Could sainthood beckon for Cork's Little Nellie?
Little Nellie of Holy God was just four years old when she died in obscurity in 1908, but her many devotees believe she had miraculous powers. Now there's a bid to make her sainthood official
This week there was a full house at Cork's Girl's Club Centre for what was billed as a 'Little Nellie of Holy God Evening'. Those attending were urged to bring along "stories of miracles" which might be used "to make Little Nellie a saint".
Many won't have heard of Little Nellie, who died aged just four 109 years ago, but to her devotees, she is "the unofficial patron saint of Cork". She has inspired a dozen books spanning a century, and if you go to YouTube, you'll find two musical tributes, one a highly polished ballad in the schmaltzy style of R Kelly, the other a rough and ready Country'n'Irish waltz.
While Ellen 'Nellie' Organ's afterlife has been a feel-good story, her brief existence was filled with pain, suffering and tragedy.
She was born in 1903 in a Waterford military barracks, before her soldier father's job would take the family to Spike Island in Cork Harbour. One day, with her mother suffering the early symptoms of tuberculosis, Ellen was entrusted to a babysitter who dropped her. The infant's hip and back were twisted out of joint. As she grew, and she developed curvature of the spine, her pain intensified. She had difficulty walking and was unable to sit up straight.
Her mother finally succumbed to the scourge of TB when Nellie was just three. Unable to cope, the father handed his four young children into the care of the nuns in Cork. Examined at a Sisters of Mercy hospital, she was found to be suffering from the savage affliction of whooping cough. She spent most of her time in the infirmary, where the nuns and nurses quickly came to believe that they were in the presence of a spiritual savant.
Gift of 'discernment'
She is known as Little Nellie of Holy God because she always referred to the deity as "Holy God" and to the chapel as "the house of Holy God". She was deeply fascinated by the religious icons in the chapel, especially the Stations of the Cross. Her carers believed that the tiny girl had the mystical gift of 'discernment', which meant that she instinctively knew what the will of God was directing her to do in any given situation. This 'gift of discernment' is one reason her followers today believe she qualifies for sainthood.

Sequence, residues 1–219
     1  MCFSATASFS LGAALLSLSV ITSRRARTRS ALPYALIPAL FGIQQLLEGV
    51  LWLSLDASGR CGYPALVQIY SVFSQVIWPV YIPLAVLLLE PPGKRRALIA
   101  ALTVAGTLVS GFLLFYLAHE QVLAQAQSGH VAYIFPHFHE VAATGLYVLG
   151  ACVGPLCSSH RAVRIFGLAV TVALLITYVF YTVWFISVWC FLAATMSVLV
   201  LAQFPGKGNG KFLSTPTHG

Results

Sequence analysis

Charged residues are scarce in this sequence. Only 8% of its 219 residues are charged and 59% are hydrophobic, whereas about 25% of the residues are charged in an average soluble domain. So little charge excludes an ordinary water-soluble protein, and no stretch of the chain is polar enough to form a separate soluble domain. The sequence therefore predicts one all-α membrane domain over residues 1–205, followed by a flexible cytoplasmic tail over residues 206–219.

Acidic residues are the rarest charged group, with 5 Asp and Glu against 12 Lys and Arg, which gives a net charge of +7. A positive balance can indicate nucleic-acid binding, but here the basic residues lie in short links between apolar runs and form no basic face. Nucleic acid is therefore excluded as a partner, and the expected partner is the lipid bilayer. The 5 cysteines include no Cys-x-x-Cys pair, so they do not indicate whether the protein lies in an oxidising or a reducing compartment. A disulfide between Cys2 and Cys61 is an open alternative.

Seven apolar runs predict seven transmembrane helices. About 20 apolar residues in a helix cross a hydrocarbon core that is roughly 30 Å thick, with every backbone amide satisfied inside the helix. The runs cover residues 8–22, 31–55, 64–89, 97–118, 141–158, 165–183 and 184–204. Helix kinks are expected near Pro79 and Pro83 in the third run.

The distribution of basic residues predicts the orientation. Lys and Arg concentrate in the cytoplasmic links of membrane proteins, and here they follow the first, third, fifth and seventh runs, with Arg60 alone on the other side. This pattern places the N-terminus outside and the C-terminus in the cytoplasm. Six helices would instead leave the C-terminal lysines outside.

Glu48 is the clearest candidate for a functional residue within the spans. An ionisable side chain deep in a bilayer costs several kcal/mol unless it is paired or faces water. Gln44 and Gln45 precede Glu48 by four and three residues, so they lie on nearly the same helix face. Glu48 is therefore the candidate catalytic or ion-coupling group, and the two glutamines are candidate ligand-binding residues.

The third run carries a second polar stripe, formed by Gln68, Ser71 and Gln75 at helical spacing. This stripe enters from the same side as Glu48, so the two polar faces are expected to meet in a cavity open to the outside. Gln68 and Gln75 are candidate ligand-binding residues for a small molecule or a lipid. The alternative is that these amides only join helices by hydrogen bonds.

When she died in 1908, her grave at St Joseph's Cemetery quickly became a place of pilgrimage. In many cases, those at the graveside prayed directly to the little girl for blessings, cures and miracles. They would leave votive items like crutches by the graveside.
A year after her death, her remains were exhumed for reburial in the Good Shepherd Convent Cemetery in Sunday's Well. It is claimed that when the coffin was reopened, she looked exactly like she had at the moment of her death, with not a hint of decay.
A victim of the economic crash, the Good Shepherd Convent, and Little Nellie's resting place, passed into the hands of receivers, cutting off access to a growing stream of pilgrims. Two years ago, the Bishop of Cork & Ross called for a second exhumation of Little Nellie so she could once again be made accessible to her devotees.
However, the Sisters of the Good Shepherd said this week that good progress has been made with the new owners of the site, and they hope the access issue will be soon resolved.
"A few years back, lots of people were ringing into the Bishop's office about Little Nellie, so the Bishop asked me to set up a study group," says Fr Patrick McCarthy, parish priest of the Church of Saints Peter & Paul in Cork. "Our report is almost complete."